Robotics education has emerged as one highly visible indicator of the growing student interest in STEM programming in the schoolhouses of Crown Point, Indiana. Currently, Crown Point High School hosts six VEX Robotic teams made up of 38 students who regularly compete at the state, regional and national/world level.

Robotics education has emerged as one highly visible indicator of the growing student interest in STEM programming in the schoolhouses of Crown Point, Indiana. Currently, Crown Point High School hosts six VEX Robotic teams made up of 38 students who regularly compete at the state, regional and national/world level. Also, the fever for robotics has captured the attention of elementary students at Douglas MacArthur Elementary School where 22 students participate in the fledgling but flourishing program.

Starting the Fire

Growing from a small group of students in 2009, the interest in robotics is fueled by the leadership of Mr. Mark Querry, the teams’ instructor and coach. Querry has built a championship VEX Robotics program that focuses on and develops STEM thinking and intentionally grows human beings who are driven problem-solvers, college-and career-ready team players, and dynamic future leaders.

At Crown Point High School, the VEX Robotics Design System has proven to be a rigorous platform for engaging students to apply STEM learning in and out of the classroom. Courses in Beginning and Advanced Robotics are now part of the CPHS Industrial Technology curriculum. According to Querry, the courses add another dimension for students that “reinforces STEM learning and the VEX Robotics program.” Querry can customize projects to meet the varying capacities and interests of different groups of students from beginners to experts to freshman to seniors. Besides the obvious benefits of applied math, physics, engineering principles and teamwork, Querry believes, “Robotics helps develop the skill of working together to solve a problem and complete a project. It shows that failure can lead to success if persevered.”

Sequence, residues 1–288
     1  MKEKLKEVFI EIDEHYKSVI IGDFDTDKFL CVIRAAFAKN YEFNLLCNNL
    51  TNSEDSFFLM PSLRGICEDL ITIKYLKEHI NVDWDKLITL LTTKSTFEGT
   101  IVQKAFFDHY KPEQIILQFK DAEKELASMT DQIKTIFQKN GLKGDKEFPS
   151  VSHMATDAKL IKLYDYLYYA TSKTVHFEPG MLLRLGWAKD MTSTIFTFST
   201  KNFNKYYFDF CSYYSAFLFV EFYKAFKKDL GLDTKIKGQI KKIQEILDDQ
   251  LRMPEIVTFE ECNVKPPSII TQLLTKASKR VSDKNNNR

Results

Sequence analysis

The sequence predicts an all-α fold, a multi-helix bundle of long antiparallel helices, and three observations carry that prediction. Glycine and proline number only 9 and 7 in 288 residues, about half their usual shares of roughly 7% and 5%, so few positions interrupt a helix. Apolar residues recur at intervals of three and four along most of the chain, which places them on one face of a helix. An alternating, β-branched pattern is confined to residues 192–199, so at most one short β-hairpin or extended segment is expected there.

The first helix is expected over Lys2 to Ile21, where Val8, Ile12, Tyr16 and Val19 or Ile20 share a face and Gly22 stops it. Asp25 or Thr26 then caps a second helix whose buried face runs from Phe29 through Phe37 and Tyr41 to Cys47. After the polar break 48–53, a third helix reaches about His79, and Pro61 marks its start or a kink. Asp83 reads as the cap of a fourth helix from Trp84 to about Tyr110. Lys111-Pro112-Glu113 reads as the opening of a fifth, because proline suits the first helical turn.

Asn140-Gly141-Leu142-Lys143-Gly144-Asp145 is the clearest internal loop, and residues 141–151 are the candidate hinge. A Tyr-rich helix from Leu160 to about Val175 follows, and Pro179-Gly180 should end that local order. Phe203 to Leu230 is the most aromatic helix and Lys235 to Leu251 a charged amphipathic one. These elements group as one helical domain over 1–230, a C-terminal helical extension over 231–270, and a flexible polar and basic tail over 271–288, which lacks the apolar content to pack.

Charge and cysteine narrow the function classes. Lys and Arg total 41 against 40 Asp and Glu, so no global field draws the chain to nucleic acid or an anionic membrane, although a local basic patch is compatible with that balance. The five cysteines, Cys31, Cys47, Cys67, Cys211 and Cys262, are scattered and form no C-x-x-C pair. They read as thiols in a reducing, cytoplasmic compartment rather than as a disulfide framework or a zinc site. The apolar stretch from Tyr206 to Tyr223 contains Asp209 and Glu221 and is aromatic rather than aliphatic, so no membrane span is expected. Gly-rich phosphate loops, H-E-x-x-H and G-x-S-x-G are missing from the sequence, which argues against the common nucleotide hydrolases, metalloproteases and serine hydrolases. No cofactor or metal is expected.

Each year immediately following the Robotics World Tournament in April, the coaches and students learn of the new “game” for the coming year. The team sets to work to design the new robots, purchase game elements, plan together in summer workshops to formulate their competition strategies and plot their season.  As school begins in August, teams are reorganized and assigned specific work. At this point, the team practices two times or more weekly throughout the entire school year to prepare for the 10 state-qualifying tournaments in which they will compete. Since the team has garnered dozens of awards around the state (including four Excellence Awards—the top award given at the state level) and has been named World Qualifiers on sixconsecutive occasions, Querry knows that “to be competitive, the team must go continually all year.” 

The effect on Querry's students is multi-layered: providing opportunities to students who might not have “fit” elsewhere; adding greater value to the “paper” of academic achievement with hands-on problem solving; developing strong project completion traits which carry over into all content areas; opening up opportnities for early entrance into college STEM related programs; creating college and career pathways that often start with internships in technical engineering, manufacturing, mechanics, and more.

Principal Chip Pettit believes, “Offering competition teams in both VEX and FIRST Robotics has provided a fantastic opportunity for students to explore STEM initiatives. The pressure that’s inherent in competition raises the stakes for students.  In addition, the work ethic, teamwork and communication skills that are developed as part of being involved in competitive team activities serve students well as they transition into their college and career fields.”

Despite the challenges of funding and managing multiple teams, Querry has found the formula for success by cultivating school and community partnerships. The team enjoys extensive parent, business and district support and is directly influencing the lives of younger students in the district.